It’s not often that you see films covering conditions like fibromyalgia. And Unrest, released in 2017, isn’t specifically about fibromyalgia. But if you take the time to follow the director of the film, Jennifer Brea, along on her journey through the world of chronic fatigue syndrome (or myalgic encephalomyelitis, as it’s referred to in the film), you’ll find that the film still has a lot of value for anyone with fibromyalgia.
Chronic fatigue syndrome shares many similarities with fibromyalgia, and in the opening seconds of the film, the viewer is met with something that will be instantly recognizable to anyone with the condition: a heartbreaking and even visceral sequence where Brea struggles to crawl the few inches along the floor to her bed while she is racked with pain.
It’s a powerful way to open a film about a devastating disease. The pain Brea is experiencing is clear on her face, and the dark circles under her eyes make it clear that she’s struggled with fatigue for a long time.
The film that follows is just as powerful and really should be required viewing for anyone who wants to truly understand what it’s like to live with an invisible condition like fibromyalgia. But Unrest isn’t just a primer for the uninitiated into the world of chronic pain. At its best, the film is a reminder that you are not alone.
In many ways, ME/CFS, like fibromyalgia, is a lonely disease. And Unrest demonstrates this very well. The movie is a combination of footage from Brea’s life and interviews with other people who struggle with CFS. That includes Leeray Denton, a mother who has been bed-ridden for years with her condition.
As her story unfolds through home movies and interviews, it follows a pattern familiar to many people with fibromyalgia. Leeray talks about the strain her condition took on her marriage, ending in divorce. She talks about how she’s lost all of her friends and watched her children move on with their lives from her bed. And in a moment that will also be familiar to far too many, she talks about how her daughter was also diagnosed with CFS.
But while Brea pulls no punches when it comes to showing how isolating the condition can be, she also discovers how the internet has allowed people who suffer from the condition to come together and support each other through frequent skype conversations and virtual meeting places. The huge number of people that Brea connects with and the wide range of their backgrounds is an incredible demonstration of how a devastating condition can bring people together, as well as pull them apart.
And in a film that shows some of the darkest moments of people suffering from the condition, that ability to come together also provides hope. Nowhere in the film is this more obvious than at a rally, organized through the internet, of CFS sufferers who are working to raise awareness of a condition that has been invisible- or even mocked, as shown in one sequence- for far too long.
Unrest spends a significant amount of time covering the situation of people with CFS in Denmark, where the disease is still treated as a psychological problem instead of a physical one. It’s a situation that has tragic results for one young girl in the film, who is pulled from her home and forced into a psychiatric clinic against her wishes.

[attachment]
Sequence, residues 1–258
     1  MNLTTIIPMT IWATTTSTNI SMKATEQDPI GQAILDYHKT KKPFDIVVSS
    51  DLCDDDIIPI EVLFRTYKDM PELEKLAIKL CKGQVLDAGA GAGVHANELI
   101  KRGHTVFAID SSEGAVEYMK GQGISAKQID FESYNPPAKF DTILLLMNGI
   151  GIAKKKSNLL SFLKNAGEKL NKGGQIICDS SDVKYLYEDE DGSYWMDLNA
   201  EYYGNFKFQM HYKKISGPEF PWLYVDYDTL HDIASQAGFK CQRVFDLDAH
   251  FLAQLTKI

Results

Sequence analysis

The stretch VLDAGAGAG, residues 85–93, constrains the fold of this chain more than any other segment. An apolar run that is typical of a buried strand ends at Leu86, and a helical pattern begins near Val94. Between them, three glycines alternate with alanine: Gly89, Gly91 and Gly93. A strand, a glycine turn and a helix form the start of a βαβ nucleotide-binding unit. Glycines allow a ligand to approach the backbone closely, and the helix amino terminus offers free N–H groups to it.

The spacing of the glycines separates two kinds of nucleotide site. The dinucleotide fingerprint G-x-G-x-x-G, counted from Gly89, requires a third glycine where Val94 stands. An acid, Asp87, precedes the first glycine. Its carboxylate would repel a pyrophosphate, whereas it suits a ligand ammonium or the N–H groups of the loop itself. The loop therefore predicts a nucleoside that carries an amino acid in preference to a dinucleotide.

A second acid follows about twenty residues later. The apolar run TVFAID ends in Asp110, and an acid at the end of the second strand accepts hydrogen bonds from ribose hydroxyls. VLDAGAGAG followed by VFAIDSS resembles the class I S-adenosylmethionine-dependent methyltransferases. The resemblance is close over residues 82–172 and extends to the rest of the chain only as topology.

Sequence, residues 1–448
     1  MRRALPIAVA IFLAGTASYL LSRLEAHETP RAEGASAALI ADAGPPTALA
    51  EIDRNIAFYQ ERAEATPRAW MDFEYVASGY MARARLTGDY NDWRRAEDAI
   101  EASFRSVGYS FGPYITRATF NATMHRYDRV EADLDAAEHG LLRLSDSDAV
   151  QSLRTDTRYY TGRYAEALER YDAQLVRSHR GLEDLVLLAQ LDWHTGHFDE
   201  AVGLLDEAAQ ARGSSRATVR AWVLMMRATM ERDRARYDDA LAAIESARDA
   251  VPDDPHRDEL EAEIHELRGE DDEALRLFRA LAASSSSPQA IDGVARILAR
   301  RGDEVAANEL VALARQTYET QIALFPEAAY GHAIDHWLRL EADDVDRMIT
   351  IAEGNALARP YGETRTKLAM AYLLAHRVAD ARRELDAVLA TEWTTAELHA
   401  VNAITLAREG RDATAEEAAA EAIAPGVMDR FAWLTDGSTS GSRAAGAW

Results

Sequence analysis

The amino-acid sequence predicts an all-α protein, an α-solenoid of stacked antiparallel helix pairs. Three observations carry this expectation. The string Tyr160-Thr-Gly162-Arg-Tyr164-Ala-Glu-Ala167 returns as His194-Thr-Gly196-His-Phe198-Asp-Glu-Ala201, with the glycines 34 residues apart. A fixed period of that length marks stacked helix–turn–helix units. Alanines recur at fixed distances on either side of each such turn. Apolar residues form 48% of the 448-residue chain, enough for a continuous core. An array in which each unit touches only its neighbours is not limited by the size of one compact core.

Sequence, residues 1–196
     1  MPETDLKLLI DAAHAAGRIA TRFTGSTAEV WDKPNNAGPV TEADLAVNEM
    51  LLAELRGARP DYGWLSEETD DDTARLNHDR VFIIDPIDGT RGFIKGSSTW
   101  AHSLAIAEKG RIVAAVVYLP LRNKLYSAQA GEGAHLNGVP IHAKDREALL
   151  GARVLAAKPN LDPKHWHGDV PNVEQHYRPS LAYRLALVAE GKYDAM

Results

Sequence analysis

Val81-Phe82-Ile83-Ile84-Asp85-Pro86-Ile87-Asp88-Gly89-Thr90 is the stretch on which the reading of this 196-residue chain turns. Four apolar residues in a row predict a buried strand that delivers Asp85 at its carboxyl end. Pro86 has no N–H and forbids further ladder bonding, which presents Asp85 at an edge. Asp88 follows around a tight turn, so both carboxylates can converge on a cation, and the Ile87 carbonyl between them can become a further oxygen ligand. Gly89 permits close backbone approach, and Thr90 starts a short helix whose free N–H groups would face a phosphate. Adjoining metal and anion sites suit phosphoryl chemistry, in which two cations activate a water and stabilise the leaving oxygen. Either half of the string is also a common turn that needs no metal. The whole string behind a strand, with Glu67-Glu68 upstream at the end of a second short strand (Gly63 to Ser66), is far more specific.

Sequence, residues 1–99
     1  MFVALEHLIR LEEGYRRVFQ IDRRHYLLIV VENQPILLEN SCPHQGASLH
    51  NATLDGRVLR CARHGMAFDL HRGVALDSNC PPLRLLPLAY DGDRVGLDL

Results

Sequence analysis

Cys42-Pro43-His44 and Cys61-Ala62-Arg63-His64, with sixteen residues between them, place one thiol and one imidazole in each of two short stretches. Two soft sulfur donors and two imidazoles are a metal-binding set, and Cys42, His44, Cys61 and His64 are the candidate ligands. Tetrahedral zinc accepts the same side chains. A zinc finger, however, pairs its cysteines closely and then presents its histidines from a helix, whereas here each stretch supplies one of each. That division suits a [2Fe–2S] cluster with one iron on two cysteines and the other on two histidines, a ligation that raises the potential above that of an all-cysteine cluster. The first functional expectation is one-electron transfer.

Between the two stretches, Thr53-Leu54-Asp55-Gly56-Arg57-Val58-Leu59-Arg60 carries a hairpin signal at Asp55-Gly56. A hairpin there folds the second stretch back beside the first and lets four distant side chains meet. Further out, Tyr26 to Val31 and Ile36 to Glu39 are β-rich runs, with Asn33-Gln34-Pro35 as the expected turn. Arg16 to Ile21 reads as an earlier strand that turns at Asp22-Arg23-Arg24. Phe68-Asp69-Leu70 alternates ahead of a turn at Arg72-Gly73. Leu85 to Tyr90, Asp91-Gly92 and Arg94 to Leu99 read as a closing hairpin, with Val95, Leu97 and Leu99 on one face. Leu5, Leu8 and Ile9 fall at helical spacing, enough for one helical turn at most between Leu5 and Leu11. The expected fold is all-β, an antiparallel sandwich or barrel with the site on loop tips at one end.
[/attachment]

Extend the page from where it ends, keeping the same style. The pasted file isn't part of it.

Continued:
That idea of simply not being believed is present through much of the film, and it’s something that anyone with a chronic condition will recognize immediately. At its core, Unrest is a plea from people who are sick to simply have the rest of the world recognize that they are sick.
But while the film is a great window into CFS for those who don’t struggle with it, it has equal value for those who do. Often, people who struggle with chronic illness think that the things they are going through are unique. But Unrest proves that the things they are experiencing are very common for anyone with chronic pain conditions.
Brea’s vulnerability- and even a misplaced sense of guilt that her illness prevents her from being a good spouse- is an incredible reminder that CFS takes a toll on every relationship. The struggles of the people with the condition featured in the film to live normal lives are also all immediately recognizable, and they serve as a constant plea for the recognition the condition deserves.
But while Unrest is dedicated to raising awareness of CFS and does it very well, there is one subject that probably deserved more attention than it received: suicide. The fact that people with CFS and similar conditions suffer from a high rate of suicide and depression is mentioned, but largely off-hand. Suicide is one of the biggest risks facing people with the condition, but too often the risk goes unspoken. It’s an invisible disease within an invisible disease, and it would have been nice to see the issue receive more screen time.
Even so, Unrest remains one of the most moving depictions of chronic pain and fatigue conditions out there. And everyone with any interest in fibromyalgia or CFS should see it at least once. At the moment, Unrest is available for streaming on Netflix, or for purchase on most digital media stores like iTunes, as well as on DVD.